Half a century ago, on 23 August 1966, the Lunar Orbiter 1 sent the space station of Robledo de Chavela, near Madrid, the first photograph of the Earth seen from the Moon, a black and white, still low-resolution image. Two years later, on 24 December 1968, the Apollo 8 crew pressed the shutter button of the camera to capture a mythical image, the ‘Earthrise’ from the lunar orbit. And finally, on 7 December 1972, Apollo 17 photographed the fully illuminated globe at a distance of around 45.000 kilometers, and the ‘Blue Marble’ would become a symbol for alternative movements by vividly showing the common destiny of all mankind on ‘Spaceship Earth,’ as a visionary Buckminster Fuller would call it. The young Steward Brand, who in 1966 had already campaigned for NASA to release the image of our planet from space, would publish between 1968 and 1972 the Whole Earth Catalog, which became the ‘Bible’ of counterculture, and which would feature the ‘Earthrise’ and the ‘Blue Marble’ successively on its characteristic black cover.
The significance of these images in the collective perception of our relationship with our home planet can be repeated today with the scientific community’s endorsement of a new geological label: the decision to use the term Anthropocene to refer to the epoch of the Quaternary period that began in the mid-20th century with the proliferation of nuclear tests is called to have a similar impact as seeing the Earth from space for the first time. The ‘Anthropocene’ is the ‘Blue Marble’ of this century, because both convey the same message: the fragility of our planet and the necessary solidarity among the inhabitants of this common home, which we have done so much to degrade, and of which we are inevitable passengers in its journey through space and time. If the previous issue of Arquitectura Viva had an image of the planet on the cover and my presentation was illustrated with the ‘Earthrise’ of 1968, in this issue – that complements and extends it – there seemed to be no better image to sum up my presentation than the ‘Blue Marble’ of 1972.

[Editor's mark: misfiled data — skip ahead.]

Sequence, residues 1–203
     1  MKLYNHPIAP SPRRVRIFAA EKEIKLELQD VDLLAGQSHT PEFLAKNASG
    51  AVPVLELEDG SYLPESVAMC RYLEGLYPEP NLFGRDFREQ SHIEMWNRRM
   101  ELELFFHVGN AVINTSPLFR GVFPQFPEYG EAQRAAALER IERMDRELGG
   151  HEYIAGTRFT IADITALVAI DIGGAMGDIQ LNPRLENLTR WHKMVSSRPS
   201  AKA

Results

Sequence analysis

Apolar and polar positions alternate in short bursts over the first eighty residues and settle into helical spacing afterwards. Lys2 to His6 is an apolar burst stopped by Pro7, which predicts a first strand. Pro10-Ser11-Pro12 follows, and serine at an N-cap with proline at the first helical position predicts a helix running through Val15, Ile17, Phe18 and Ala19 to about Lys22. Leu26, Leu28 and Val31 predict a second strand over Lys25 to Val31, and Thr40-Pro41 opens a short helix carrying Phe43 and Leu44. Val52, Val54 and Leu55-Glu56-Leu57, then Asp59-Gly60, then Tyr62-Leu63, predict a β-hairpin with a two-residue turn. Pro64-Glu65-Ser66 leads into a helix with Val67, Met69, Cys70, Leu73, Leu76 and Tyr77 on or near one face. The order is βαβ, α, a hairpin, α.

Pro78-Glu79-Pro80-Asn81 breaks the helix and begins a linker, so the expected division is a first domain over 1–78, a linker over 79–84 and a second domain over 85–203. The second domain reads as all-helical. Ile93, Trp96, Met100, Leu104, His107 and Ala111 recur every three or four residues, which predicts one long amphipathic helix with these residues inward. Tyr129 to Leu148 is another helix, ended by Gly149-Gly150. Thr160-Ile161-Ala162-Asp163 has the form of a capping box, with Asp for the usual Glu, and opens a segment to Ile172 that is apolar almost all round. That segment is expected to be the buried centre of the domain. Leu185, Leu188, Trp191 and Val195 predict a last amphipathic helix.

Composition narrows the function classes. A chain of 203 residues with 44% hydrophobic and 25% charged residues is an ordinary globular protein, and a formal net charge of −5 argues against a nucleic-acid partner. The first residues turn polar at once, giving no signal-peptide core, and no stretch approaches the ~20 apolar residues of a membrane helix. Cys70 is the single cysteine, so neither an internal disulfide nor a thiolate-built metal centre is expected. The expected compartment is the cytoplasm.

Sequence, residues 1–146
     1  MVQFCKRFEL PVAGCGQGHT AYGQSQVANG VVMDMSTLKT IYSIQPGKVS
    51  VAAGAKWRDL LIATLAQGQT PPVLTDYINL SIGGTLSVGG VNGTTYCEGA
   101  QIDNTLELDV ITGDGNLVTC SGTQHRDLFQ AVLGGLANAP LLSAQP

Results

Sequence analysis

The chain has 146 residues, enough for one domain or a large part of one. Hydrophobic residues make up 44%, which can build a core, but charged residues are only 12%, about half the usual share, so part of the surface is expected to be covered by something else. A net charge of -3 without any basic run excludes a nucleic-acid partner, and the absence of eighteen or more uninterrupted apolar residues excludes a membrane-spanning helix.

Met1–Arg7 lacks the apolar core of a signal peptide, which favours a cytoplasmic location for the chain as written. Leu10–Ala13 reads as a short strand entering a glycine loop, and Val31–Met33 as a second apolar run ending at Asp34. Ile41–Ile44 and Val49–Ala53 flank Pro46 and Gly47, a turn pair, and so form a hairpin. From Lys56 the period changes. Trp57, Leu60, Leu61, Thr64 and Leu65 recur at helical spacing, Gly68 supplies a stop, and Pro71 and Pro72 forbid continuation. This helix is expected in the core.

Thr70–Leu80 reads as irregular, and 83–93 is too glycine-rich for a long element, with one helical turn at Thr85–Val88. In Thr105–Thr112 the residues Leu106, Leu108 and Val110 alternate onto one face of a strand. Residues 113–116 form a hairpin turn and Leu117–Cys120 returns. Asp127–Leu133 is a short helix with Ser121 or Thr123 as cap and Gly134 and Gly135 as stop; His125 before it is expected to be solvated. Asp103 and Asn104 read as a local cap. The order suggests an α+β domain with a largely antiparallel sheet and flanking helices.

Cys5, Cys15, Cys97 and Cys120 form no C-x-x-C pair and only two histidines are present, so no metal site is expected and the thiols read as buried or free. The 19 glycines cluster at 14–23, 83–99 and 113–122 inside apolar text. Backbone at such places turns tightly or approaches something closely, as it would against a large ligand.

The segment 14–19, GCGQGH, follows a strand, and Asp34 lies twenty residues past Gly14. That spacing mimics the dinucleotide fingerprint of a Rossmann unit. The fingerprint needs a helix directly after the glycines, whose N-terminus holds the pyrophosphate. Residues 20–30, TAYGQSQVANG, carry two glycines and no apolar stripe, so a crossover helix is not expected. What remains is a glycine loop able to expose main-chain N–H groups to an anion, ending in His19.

When the Apollo 8 photograph was taken I was in my first year at the Madrid School of Architecture, and in the last one when that of the Apollo 17 was published, so it is easy to understand how this global and alternative vision – later fuelled by the oil crises of 1974 and 1979 – seduced so many of my generation. Here, to explore the current challenges of the world, I have chosen to reproduce an academic lecture delivered five years ago and perhaps still pertinent. In his response to it, Rafael Moneo linked it with a book written in my younger years, Fire and Memory – “an entire program, if not a manifesto”– and underscored its “implicit message of optimism,” proposing as it did a thermodynamic aesthetic and an ecosystemic ethic to face the dramatic reality of the Anthropocene. Hopefully our readers will also consider it optimistic, even if it moves “between the anthropic Scylla and the entropic Charybdis, between a world shaped entirely by man and a time that inexorably destroys lives and works”: perhaps a minor manifesto for a major emergency.